Turning Back The Pages
100 years ago — October 1920
SALISBURY— W.S. Thompson who has been farmer at the Salisbury School will terminate his connection with the school November 1st and will move his family to Lakeville occupying the Dr. Peterson place to be vacated by Dr. Tuttle.
SHARON— Mrs. Mary St. John is in the hospital suffering from an injured hip caused by a fall last week. Mrs. St. John although nearly 90 years of age is reported as doing nicely.
LAKEVILLE — The students of the Hotchkiss School were given a holiday on Friday in honor of Richmond Landon’s establishing a record for the high jump in the recent Olympic games at Antwerp.
The road from Ore Hill to the New York state line is practically completed and is a great improvement. The remainder of the road from Ore Hill to Lakeville still needs attention. A little scraping and filling would help much.
50 years ago — October 1970
SHARON — Susan Wanser, daughter of Mr. and Mrs. Paul Wanser of Main Street, was home from Emma Willard School in Troy, N.Y., last weekend. Barbara Hoskins, daughter of the Rev. and Mrs. R. Hoskins, formerly of Sharon, who is also at Emma Willard, accompanied Susan home on her way to spend the weekend with her grandmother.
KENT —Warrant Officer Candidate Charles G. Twomey, 26, recently completed a 20-week training course at Fort Wolters, Tex. He is the son of Charles G. Twomey, Highwatch Farm, Kent.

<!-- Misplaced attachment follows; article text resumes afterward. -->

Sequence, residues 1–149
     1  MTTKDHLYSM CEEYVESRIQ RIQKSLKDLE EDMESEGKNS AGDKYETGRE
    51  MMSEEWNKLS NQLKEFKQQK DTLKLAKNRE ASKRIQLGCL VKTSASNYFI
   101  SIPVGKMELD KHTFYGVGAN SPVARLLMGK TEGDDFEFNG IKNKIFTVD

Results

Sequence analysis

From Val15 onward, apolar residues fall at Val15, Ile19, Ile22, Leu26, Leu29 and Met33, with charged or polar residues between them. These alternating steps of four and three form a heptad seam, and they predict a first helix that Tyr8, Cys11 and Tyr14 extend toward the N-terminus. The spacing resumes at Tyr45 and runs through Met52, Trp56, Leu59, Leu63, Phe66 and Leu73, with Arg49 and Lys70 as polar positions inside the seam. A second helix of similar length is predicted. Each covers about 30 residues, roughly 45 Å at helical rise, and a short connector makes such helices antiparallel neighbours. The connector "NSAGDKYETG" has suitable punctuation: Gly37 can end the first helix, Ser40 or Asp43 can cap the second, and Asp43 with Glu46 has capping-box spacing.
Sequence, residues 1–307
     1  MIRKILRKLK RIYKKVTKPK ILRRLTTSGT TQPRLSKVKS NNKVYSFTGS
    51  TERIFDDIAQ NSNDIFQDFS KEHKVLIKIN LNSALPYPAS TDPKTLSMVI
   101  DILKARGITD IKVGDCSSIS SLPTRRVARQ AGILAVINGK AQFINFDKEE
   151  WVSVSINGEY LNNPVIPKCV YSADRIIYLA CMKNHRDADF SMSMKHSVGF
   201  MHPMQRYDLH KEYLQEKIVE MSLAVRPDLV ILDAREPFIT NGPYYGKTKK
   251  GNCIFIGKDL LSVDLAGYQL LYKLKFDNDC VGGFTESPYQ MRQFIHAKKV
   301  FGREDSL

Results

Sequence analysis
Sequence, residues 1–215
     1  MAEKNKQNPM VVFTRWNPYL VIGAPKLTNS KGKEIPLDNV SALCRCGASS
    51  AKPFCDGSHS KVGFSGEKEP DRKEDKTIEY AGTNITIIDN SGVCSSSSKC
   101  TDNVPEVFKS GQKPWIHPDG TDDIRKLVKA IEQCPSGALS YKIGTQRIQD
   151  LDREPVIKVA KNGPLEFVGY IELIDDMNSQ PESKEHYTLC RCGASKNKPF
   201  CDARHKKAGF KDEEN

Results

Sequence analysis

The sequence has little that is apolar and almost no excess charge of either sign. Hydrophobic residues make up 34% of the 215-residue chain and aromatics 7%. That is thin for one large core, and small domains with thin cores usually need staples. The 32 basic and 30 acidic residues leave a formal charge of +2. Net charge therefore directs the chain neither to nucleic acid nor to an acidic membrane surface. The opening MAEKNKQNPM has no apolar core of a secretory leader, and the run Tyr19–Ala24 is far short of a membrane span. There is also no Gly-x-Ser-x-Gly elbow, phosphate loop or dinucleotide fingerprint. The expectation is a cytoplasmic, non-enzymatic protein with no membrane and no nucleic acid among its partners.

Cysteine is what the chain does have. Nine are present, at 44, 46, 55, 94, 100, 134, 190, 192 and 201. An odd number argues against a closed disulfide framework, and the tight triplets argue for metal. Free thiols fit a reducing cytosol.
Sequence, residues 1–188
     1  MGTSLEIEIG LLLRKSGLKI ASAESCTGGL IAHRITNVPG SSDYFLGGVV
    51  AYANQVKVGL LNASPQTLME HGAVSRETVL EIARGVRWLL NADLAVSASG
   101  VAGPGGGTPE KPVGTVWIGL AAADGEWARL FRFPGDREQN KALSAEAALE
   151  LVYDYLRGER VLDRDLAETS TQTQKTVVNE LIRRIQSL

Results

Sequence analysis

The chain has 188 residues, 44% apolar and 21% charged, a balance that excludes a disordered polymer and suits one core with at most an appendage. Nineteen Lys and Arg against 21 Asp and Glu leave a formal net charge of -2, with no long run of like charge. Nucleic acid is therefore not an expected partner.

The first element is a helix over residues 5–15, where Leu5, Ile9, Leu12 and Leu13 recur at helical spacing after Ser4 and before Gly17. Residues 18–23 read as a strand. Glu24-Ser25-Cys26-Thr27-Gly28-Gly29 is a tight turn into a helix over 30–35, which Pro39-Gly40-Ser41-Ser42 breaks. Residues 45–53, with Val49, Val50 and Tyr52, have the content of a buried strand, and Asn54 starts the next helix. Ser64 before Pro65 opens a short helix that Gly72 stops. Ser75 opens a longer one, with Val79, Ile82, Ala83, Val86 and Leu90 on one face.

Philippa Tuttle set up her easel outside the Congregational Church and did a lively business in pastel portraits. During a lull, a small Salisbury boy came up to her and said he would like to have his picture drawn. She told him the price and he walked away downcast. Running after him, she asked him what he could pay. “I have 21 cents,” he said. “It’s a deal,” she told him, and did a portrait sketch of him on the spot. He was delighted and carried off his treasure. Later in the day he returned with an assortment of brothers and sisters, each bringing his or her collection of pennies. Miss Tuttle sketched them all, then just as the Fair was closing, she learned there were more at home. She has asked Mrs. John Fitch to round up the rest of the family soon. “I want to sketch them all,” she said.
25 years ago — October 1995
SHARON — Thinking back on it, Joseph Griskauskas might have smelled the hay smoldering in the old concrete silo for a day or two. “I just didn’t realize it” the 35-year-old dairy farmer said this week. But his Amenia Union Road neighbor Wallace Chase driving to work Friday morning saw smoke issuing from an opening in the silo and called 911 on his cellular phone. Spontaneous combustion, said the firefighters. A little rain in the very hot very dry hay got the chemistry for a fire going. Then it took four companies from two states and an estimated $1,300 worth of foam to extinguish the smoldering. By 11 a.m. everybody could go back to work.
These items were taken from The Lakeville Journal archives at Salisbury’s Scoville Memorial Library, keeping the original wording intact as possible.